If a real conservative commentator existed, and if he would be allowed to ask Orbán – he would be asking these questions.
Conservatives have some well-justified criticism of the EU spending so much taxpayer money on harebrained schemes, smacking of well-meaning but ultimately (and inevitably) ill-conceived central economic planning.
This, however, doesn’t seem to bother “conservative” Orbán. Quite the opposite, in fact.
Is the spending of EU funds going more rationally in Hungary than elsewhere? How does conservative Orbán stop the scourge of corruption triggered by easy and dumb EU-money – if he stops it at all.
Questions about the European Union and its money
- You ferociously refuse accountability alongside European subsidies. You even refuse subsidies if they come with strings attached, even if it leaves your country worse off. Don’t you think it appears as though you are trying to steal those funds?
- You refuse to participate in the cooperation of the European Public Prosecutor’s Office, even though corruption in EU funds will be international, by definition. Aren’t you concerned that your country will become the safe haven for those who might be vile enough to misappropriate EU funds?
- Your critics claim that you have spent the astronomical sums of EU funds arriving in Hungary since 2015 to enrich your friends and family and to build your base of loyalists. Is that fair criticism?
- What have you spent it on instead?
- How would you govern without European Union funds that represent almost all the investment now in our country, to name just one staggering fact?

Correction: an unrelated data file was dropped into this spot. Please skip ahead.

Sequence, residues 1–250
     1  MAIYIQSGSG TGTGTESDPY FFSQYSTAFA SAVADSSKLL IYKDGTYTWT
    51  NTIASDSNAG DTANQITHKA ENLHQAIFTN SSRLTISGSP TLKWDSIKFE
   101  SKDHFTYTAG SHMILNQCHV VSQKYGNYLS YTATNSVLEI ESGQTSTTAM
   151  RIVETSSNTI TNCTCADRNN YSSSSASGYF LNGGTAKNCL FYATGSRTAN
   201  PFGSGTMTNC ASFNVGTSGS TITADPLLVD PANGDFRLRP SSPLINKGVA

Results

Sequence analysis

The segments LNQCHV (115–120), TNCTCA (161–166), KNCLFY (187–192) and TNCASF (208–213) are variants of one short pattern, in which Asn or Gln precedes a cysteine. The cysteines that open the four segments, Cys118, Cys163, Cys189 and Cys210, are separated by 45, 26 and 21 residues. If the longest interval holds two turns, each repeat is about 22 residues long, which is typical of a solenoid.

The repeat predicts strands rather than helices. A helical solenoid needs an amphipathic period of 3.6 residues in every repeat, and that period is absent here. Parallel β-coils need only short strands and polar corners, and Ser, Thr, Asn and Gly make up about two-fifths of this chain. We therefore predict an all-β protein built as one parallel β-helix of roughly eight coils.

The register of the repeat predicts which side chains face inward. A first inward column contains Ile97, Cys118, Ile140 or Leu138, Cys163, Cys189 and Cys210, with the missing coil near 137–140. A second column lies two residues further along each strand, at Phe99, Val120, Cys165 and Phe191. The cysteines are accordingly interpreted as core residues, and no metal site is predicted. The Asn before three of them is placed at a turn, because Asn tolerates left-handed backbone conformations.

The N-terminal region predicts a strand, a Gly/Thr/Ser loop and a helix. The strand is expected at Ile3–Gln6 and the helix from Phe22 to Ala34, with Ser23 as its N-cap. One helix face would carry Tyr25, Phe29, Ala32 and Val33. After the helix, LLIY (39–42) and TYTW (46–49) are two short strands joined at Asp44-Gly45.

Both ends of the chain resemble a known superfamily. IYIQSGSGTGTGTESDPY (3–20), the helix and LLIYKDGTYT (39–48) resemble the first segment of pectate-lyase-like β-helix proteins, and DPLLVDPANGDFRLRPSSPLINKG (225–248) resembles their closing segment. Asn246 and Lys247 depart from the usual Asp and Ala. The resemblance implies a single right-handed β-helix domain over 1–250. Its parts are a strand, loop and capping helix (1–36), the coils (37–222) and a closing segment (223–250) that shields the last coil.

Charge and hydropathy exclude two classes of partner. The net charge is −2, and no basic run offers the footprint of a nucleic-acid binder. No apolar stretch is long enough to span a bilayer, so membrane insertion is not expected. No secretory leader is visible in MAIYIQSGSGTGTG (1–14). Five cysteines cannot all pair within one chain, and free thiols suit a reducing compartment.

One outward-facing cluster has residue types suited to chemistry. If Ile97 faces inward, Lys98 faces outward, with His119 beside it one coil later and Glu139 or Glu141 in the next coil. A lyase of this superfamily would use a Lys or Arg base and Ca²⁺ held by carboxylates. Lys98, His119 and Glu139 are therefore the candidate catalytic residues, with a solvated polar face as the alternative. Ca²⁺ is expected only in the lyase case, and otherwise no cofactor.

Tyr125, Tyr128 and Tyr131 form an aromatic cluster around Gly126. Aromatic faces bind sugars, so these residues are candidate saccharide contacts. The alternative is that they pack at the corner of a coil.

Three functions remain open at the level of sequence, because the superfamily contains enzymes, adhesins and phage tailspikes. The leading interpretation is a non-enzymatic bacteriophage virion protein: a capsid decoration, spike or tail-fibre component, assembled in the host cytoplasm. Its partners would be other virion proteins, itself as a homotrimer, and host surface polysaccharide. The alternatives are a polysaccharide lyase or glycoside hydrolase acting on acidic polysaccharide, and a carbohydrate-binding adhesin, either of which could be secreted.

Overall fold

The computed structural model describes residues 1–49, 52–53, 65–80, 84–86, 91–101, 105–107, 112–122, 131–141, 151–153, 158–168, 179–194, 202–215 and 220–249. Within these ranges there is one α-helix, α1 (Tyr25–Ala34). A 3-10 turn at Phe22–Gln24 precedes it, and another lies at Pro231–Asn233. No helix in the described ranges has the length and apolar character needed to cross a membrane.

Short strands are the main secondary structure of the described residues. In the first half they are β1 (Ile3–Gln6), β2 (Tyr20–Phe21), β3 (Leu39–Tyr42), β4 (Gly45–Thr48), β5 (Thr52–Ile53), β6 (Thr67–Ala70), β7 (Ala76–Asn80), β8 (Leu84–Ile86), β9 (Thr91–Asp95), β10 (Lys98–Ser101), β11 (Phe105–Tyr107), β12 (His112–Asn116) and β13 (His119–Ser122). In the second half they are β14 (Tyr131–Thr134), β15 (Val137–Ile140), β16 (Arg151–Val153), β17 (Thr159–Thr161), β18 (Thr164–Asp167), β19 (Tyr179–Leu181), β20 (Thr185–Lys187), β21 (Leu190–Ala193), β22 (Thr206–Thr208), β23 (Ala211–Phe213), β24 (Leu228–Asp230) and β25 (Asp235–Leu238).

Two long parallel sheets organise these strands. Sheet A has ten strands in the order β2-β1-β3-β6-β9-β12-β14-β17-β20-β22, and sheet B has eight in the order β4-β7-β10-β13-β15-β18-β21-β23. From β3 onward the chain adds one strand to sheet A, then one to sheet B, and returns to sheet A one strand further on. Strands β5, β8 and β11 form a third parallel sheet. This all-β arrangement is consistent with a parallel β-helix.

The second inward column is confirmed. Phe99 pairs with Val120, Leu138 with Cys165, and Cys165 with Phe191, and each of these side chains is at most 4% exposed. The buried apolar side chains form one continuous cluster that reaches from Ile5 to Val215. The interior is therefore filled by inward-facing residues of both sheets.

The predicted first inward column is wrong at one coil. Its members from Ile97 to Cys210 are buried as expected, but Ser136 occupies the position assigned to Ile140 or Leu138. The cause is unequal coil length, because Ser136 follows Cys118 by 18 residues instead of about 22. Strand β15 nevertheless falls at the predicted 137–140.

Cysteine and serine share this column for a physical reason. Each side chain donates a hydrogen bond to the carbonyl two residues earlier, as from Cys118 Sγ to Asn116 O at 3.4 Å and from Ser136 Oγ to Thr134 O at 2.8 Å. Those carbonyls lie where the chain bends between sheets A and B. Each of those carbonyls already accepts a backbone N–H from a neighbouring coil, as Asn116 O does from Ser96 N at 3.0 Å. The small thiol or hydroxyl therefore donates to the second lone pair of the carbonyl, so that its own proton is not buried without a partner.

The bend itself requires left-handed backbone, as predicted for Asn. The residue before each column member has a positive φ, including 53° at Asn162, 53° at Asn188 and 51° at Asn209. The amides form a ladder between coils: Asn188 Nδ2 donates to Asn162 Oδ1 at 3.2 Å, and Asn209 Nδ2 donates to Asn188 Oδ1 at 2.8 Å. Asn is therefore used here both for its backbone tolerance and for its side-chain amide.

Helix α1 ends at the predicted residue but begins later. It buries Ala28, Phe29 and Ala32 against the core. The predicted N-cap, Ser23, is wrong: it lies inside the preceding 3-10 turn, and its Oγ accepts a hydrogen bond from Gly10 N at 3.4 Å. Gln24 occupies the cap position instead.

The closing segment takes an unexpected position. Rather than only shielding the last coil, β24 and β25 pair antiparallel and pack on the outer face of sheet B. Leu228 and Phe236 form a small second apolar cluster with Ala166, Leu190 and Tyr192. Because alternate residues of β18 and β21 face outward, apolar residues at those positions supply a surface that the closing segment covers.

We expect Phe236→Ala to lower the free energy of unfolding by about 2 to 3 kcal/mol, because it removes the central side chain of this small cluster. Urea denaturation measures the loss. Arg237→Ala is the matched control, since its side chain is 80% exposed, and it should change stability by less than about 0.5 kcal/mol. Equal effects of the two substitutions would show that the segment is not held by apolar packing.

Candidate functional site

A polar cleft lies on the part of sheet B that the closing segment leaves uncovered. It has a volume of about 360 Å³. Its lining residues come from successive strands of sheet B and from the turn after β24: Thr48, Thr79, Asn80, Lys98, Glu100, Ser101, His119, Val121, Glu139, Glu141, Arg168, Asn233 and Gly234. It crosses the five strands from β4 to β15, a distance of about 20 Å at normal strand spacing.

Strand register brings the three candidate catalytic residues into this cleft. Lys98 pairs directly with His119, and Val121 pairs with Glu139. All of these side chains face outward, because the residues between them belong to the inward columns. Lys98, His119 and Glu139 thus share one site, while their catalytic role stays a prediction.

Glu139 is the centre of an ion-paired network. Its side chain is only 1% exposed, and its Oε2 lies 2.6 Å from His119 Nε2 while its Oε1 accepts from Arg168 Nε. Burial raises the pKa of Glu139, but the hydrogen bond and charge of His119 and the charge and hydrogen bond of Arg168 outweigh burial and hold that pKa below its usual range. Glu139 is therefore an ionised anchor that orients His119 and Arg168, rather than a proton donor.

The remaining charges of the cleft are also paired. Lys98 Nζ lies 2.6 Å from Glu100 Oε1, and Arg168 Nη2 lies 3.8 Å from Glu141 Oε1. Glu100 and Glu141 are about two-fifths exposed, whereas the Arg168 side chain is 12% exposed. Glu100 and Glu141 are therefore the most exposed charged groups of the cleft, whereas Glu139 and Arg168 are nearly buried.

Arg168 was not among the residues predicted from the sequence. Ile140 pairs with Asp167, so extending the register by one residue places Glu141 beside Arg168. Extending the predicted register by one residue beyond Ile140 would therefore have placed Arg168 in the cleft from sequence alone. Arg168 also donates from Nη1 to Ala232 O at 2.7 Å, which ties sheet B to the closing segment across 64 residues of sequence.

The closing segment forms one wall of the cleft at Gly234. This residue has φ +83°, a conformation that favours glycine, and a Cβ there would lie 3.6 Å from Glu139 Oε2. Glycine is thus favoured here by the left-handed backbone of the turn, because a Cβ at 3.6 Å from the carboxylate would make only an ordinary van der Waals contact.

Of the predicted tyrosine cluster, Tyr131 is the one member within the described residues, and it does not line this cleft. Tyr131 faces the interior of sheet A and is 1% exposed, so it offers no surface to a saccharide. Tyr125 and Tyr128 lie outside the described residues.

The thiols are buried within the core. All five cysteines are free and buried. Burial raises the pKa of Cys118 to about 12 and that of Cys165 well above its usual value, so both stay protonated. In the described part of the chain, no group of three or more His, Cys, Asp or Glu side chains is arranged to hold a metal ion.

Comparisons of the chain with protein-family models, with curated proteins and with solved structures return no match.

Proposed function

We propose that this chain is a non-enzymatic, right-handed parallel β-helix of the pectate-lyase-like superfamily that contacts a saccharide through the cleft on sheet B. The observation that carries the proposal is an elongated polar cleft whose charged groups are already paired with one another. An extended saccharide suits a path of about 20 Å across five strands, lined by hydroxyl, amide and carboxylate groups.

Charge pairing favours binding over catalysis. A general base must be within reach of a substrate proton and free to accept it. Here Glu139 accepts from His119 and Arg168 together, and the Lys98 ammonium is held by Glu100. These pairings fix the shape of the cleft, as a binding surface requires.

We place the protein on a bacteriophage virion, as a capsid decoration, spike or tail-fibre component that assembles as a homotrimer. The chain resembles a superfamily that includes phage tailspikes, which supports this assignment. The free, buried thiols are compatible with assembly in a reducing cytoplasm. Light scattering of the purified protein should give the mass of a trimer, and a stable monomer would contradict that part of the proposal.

- Other European politicians are in hot water if they are caught taking EU money and winning public tenders while on power. Aren’t you concerned that the fairy tale wealth of your own family members will raise concerns that you might be one such politician?
- Few remember now, but the Hungarian-Russian diplomatic relations have been quite cold until you announced the building of a new, Russian nuclear power station in Hungary (Paks 2) alongside some smaller, but still substantial orders placed in Russia. Did the mega-order have anything to do with the improvement of Russian-Hungarian relations? Was it your choice or Putin’s?
- You chose to take out a Russian loan for the project – even though the terms were not known at first, and then they proved to be worse than a market-rate loan. Then you classified the entire project. Is there an economic rationale to the project?
- Illiberalism is terrible indeed. Yet, you have openly, publicly and proudly promoted your vision of “illiberal nation”. Other commentators mistakenly refer to it as “illiberal democracy” but that’s not what you said, is it? And “nation” is a predominantly ethnic term in Hungarian, it does not refer to a country. What does that mean in your vision of an “illiberal nation”?
- Putin visited your country more often than any European leader. Have you invited him each time?
- You allowed the Russian International Investment Bank (IIB) to open its office in Budapest with exemptions from oversight by Hungarian authorities so vast that it might be called full sovereignty within Hungary, an EU country. The only thing IIB cannot do is to issue its own money, but Putin has its own country for that. Doesn’t it feel like an encroachment on your sovereignty?
- Why do you think Russian influence operations and state-sponsored propaganda and fake news sites like Sputnik don’t have Hungarian iterations?
In 1956, Hungarians rose up against Russian occupation. After a few days of resistance, Moscow sent in the tanks and the country was doomed. In 1989 young Orbán has made his political bones by demanding that the Russians go home – at the funeral of the very martyr of the 1956 uprising, Imre Nagy.